Assessing Your Horse
Before you start training we recommend you begin by assessing your horse, evaluating her temperament, her natural preferences and understanding your current relationship. First of all, you need to get a handle on how reactive or phlegmatic your horse is. How likely she is to get over-aroused or to be very fearful. Or maybe you have a horse who is pretty laid-back or is difficult to motivate and interest in her work.
Then it’s good to know how much of a pair- bond you and your horse have already created. Maybe your horse is new to you and you’re just getting to know each other. Or maybe you have a long history together and a great relationship to build on. Or, perhaps you’ve had long-term issues which you’ve tried to solve using various approaches. By assessing your horse’s temperament and reactions to you, you’ll be able to tailor the training to her needs to be successful from the very first session.
Observing Emotional states
Since the acceptance that horses have feelings is relatively new in the scientific world, it’s not surprising that there has been little study into how they express their feelings. This is something that most horse owners have a good ‘feel’ for, although they may find that their feelings get dismissed by professionals, such as some vets, transporters, farriers or trainers, when they are trying to explain their concerns. Since the scientific world is now accepting the emotional side of animal life, more work is being done to objectively identify emotional states. Here are some of the methods being used.
Heart rate is the easiest indicator of stress, excitement, or relaxation. Heart rate variability can give us useful insight into the internal balance of the horse. For example, it can tell us whether they are reacting ‘normally’ to stressors, or are not adapting well, indicating a lack of coping with the situation. Other techniques used include measuring changes in eye temperature, salivary, urinary, faecal, hair and blood cortisol levels. Although accurate measures of physiological changes, these are not practical for daily monitoring when handling and training. For that, we need to look at behavioural signs you can observe in your horse.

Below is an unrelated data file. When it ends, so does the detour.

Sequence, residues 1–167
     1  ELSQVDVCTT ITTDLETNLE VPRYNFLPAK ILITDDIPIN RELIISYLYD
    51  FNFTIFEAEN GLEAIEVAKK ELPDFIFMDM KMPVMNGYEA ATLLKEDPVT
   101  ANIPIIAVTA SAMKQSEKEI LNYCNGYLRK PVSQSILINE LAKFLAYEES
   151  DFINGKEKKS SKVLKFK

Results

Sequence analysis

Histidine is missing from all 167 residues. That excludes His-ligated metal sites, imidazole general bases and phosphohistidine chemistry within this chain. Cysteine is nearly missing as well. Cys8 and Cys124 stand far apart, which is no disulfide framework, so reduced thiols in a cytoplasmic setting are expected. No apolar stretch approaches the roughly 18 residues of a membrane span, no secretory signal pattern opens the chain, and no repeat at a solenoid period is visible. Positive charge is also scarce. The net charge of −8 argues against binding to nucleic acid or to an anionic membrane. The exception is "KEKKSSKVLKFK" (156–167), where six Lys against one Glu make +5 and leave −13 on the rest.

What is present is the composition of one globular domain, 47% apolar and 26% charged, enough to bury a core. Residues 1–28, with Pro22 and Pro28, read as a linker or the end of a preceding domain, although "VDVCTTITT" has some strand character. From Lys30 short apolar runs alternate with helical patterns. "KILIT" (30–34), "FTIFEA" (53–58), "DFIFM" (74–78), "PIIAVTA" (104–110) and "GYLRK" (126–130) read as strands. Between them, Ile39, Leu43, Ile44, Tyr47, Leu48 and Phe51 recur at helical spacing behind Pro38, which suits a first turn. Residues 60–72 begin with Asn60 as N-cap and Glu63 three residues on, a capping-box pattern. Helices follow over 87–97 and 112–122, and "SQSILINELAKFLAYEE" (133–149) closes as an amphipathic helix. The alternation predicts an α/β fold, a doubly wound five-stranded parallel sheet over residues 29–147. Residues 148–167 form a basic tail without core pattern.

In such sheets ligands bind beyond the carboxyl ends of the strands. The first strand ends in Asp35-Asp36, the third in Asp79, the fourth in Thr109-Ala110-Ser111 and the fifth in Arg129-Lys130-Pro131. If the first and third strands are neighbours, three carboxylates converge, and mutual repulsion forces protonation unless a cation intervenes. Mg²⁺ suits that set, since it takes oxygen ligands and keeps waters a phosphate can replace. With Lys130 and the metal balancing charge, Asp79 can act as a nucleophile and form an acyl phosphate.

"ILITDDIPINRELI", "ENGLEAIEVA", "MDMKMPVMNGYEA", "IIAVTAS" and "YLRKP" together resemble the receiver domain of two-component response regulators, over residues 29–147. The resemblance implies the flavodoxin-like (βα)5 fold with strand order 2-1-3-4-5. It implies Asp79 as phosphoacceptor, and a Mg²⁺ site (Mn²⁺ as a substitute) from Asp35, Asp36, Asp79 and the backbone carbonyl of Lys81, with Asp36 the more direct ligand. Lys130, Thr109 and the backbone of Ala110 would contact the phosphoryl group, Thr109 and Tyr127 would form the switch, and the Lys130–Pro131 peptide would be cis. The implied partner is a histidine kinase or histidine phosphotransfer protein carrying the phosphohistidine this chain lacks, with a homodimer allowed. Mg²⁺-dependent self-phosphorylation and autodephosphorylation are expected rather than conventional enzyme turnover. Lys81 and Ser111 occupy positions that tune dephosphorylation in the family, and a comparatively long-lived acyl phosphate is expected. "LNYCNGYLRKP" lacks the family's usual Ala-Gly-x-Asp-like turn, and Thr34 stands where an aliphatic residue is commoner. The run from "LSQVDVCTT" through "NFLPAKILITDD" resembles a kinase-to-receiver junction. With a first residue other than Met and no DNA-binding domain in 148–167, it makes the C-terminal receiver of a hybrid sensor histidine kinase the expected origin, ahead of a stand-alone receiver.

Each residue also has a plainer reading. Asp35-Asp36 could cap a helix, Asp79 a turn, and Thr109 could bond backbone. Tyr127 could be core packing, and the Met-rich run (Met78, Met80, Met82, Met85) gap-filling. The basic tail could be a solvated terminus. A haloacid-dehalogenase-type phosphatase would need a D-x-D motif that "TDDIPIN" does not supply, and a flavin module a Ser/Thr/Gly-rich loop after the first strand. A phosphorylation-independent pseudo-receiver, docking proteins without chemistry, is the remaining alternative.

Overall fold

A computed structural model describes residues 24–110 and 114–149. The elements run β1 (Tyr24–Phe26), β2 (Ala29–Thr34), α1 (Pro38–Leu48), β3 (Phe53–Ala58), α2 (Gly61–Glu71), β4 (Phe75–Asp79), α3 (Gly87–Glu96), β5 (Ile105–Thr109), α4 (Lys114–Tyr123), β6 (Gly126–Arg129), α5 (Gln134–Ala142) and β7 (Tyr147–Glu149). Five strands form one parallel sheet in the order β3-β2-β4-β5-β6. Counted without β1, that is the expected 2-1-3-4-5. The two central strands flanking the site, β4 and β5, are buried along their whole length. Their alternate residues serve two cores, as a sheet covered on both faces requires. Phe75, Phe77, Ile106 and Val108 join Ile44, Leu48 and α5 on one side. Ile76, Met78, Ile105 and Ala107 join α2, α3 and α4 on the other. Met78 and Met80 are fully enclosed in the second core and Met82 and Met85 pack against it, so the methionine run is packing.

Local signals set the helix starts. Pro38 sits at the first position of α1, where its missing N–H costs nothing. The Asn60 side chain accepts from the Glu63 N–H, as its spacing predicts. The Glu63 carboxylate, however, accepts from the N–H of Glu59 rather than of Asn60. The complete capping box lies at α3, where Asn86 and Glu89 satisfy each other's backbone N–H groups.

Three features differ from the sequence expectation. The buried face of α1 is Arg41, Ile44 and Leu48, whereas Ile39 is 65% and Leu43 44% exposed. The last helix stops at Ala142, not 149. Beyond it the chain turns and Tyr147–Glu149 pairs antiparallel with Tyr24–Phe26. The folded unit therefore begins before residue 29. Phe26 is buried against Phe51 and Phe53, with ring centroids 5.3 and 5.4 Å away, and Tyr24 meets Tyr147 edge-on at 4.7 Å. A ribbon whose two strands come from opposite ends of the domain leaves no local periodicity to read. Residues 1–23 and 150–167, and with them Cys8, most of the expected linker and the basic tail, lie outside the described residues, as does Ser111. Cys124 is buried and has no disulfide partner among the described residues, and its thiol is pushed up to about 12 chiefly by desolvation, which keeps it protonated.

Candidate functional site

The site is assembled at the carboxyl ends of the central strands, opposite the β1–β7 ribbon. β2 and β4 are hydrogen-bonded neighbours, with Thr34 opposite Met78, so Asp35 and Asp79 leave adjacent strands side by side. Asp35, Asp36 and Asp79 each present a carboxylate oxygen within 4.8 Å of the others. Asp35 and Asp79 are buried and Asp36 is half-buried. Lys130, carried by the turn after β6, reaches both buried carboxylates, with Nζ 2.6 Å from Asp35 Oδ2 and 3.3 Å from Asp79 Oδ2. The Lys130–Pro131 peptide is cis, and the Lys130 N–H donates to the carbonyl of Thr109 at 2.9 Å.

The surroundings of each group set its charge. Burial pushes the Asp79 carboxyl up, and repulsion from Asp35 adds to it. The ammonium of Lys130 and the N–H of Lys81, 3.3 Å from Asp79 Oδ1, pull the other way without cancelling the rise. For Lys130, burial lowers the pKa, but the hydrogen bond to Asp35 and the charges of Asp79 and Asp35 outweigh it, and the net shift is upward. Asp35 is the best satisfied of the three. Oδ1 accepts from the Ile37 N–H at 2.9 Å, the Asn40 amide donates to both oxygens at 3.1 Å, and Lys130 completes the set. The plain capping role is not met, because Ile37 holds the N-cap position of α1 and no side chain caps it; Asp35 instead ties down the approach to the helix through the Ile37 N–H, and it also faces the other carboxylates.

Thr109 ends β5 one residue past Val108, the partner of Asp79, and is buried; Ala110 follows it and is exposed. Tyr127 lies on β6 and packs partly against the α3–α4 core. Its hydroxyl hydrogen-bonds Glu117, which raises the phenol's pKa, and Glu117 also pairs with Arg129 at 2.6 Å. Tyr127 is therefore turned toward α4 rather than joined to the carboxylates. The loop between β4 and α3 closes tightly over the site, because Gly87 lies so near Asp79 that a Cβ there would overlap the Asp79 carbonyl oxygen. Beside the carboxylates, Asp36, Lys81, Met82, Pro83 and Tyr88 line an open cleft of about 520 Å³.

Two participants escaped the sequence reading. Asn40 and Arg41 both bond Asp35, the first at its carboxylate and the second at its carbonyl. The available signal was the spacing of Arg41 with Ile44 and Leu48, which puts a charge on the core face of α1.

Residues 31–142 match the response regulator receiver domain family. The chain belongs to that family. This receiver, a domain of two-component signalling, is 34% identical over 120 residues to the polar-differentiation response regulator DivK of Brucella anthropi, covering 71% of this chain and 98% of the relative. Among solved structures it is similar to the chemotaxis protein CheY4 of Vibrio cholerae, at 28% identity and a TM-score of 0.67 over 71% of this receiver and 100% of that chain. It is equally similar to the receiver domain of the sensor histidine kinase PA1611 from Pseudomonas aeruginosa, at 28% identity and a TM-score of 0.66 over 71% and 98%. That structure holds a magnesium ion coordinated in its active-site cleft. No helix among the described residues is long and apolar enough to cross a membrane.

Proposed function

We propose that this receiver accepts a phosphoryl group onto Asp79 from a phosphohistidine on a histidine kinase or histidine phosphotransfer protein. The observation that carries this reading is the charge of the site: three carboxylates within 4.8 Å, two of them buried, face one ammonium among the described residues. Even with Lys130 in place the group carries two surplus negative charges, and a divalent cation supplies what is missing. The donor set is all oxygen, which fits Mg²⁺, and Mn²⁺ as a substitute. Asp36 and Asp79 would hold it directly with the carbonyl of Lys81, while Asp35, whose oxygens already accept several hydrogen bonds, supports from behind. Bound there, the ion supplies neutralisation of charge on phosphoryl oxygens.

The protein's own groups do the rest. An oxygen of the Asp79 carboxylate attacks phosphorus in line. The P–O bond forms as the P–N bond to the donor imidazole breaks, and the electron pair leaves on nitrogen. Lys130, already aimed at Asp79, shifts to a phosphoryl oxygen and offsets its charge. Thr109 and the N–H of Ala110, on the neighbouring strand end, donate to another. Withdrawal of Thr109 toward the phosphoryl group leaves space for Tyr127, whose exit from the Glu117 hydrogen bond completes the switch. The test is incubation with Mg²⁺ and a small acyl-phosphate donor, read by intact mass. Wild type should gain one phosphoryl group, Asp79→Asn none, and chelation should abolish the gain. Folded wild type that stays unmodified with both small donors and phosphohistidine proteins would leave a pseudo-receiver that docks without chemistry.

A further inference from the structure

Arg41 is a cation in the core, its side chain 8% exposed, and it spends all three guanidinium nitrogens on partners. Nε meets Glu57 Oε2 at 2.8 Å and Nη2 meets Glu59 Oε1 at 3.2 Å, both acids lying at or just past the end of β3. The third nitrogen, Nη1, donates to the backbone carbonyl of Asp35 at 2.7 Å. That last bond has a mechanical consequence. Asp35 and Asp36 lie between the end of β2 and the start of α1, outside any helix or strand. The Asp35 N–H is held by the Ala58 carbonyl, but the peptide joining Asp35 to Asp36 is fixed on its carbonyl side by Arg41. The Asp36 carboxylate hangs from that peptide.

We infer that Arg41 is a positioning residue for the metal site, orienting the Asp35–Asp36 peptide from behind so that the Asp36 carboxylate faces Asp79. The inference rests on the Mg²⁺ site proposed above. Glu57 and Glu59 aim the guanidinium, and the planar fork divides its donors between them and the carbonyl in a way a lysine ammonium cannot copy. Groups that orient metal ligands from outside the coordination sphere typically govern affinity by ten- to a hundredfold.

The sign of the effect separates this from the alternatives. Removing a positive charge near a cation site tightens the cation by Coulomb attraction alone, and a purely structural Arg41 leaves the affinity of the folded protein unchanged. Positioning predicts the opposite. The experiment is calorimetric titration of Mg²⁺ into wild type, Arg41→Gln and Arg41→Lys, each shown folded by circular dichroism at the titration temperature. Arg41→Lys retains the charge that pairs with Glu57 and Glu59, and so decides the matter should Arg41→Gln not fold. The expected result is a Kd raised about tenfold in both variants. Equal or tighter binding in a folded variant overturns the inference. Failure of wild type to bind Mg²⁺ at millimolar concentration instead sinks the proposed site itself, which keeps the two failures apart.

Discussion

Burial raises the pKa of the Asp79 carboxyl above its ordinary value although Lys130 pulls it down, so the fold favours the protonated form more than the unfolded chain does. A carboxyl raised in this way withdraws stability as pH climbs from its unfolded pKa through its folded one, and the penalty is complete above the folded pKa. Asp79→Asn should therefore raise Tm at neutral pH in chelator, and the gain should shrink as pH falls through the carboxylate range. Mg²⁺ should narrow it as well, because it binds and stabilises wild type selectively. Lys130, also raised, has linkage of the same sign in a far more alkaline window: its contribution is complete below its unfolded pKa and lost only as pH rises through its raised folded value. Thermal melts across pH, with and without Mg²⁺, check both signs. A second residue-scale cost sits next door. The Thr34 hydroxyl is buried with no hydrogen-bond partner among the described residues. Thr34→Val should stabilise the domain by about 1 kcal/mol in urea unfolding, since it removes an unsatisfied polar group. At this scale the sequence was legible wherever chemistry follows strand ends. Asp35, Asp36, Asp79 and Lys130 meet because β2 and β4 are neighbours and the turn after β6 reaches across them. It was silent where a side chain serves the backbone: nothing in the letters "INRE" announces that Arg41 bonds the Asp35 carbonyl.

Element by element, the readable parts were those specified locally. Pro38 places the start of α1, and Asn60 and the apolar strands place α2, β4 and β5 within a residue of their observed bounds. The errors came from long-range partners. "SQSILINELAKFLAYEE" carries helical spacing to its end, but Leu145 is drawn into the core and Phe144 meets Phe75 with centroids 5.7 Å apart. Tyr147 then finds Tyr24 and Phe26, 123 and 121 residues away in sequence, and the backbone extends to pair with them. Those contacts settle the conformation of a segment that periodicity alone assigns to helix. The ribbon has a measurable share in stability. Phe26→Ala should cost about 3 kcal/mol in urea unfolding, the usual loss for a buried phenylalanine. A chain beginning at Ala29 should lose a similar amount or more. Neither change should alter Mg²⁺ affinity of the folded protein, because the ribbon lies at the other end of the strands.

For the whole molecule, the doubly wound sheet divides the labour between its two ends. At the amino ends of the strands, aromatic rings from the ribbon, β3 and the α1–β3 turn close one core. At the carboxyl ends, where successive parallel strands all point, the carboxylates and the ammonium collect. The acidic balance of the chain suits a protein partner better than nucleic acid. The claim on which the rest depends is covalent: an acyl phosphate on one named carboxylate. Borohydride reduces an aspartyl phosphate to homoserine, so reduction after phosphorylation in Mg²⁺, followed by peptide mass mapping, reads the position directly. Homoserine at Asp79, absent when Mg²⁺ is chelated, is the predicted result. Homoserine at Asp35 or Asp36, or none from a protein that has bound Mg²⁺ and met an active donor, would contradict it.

Horse Grimace Scale
When mammals feel pain, their face shows this with a classic pain grimace. With non-verbal humans or with animals, practitioners needed a way to assess the level of pain being experienced. The Pain Grimace Scale was developed as a 10-point scale, from relaxation and feeling no pain (1) to the highest level of pain (10). Recently, the Pain Grimace Scale has been developed for horses. Horses, like other prey animals, need to hide their weaknesses or they will be selected by predators, so they tend not to show the level of pain they are feeling. The Horse Grimace scale is useful alongside other measures for vets and owners to see just how much pain the horse may be feeling despite a lack of more obvious behavioural signs.
Scientists are now working on an equine ‘Happiness’ scale. This will allow owners and vets to understand how positive a horse is feeling. Recently, an equid ethogram has also been validated in order to assess levels of pain when a horse is being ridden.
An excellent full study of behavioural signs and their place in horse life can be found in The Equid Ethogram by Dr Sue McDonnell. The author has compiled studies of feral, semi-feral and domestic horse behaviour to create a comprehensive field guide. This enables researchers, students and horse-owners to have a common language for behaviours. For example, in describing the “stand alert” pose, the head, ear and eye positions are all defined. The comment then notes what follows the pose, such as approach or withdrawal from the object of interest or a return to previous activity.
One form of equine behaviour has been called “calming signals” Horses are highly social and communicative mammals, and they have a large suite of behavioural signals that let others know how they are feeling. For example, if a horse is feeling anxious, these signals tell the other horses in an interaction, ‘Hey, back off a little so I can relax.’ Hence, they are known as calming signals. They help keep horses from going over threshold of fear and anxiety. They maintain calm and cohesion between horses, which is vital for herd animals who must stay together for survival.